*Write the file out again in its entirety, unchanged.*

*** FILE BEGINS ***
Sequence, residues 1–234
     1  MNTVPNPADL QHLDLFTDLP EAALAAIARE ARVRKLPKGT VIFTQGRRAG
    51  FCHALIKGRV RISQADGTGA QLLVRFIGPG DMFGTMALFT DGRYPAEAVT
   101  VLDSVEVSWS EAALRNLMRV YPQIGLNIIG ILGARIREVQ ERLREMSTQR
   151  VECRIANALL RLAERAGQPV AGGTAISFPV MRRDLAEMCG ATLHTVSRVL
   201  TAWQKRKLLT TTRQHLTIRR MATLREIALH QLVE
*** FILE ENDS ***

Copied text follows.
Sequence, residues 1–234
     1  MNTVPNPADL QHLDLFTDLP EAALAAIARE ARVRKLPKGT VIFTQGRRAG
    51  FCHALIKGRV RISQADGTGA QLLVRFIGPG DMFGTMALFT DGRYPAEAVT
   101  VLDSVEVSWS EAALRNLMRV YPQIGLNIIG ILGARIREVQ ERLREMSTQR
   151  VECRIANALL RLAERAGQPV AGGTAISFPV MRRDLAEMCG ATLHTVSRVL
   201  TAWQKRKLLT TTRQHLTIRR MATLREIALH QLVE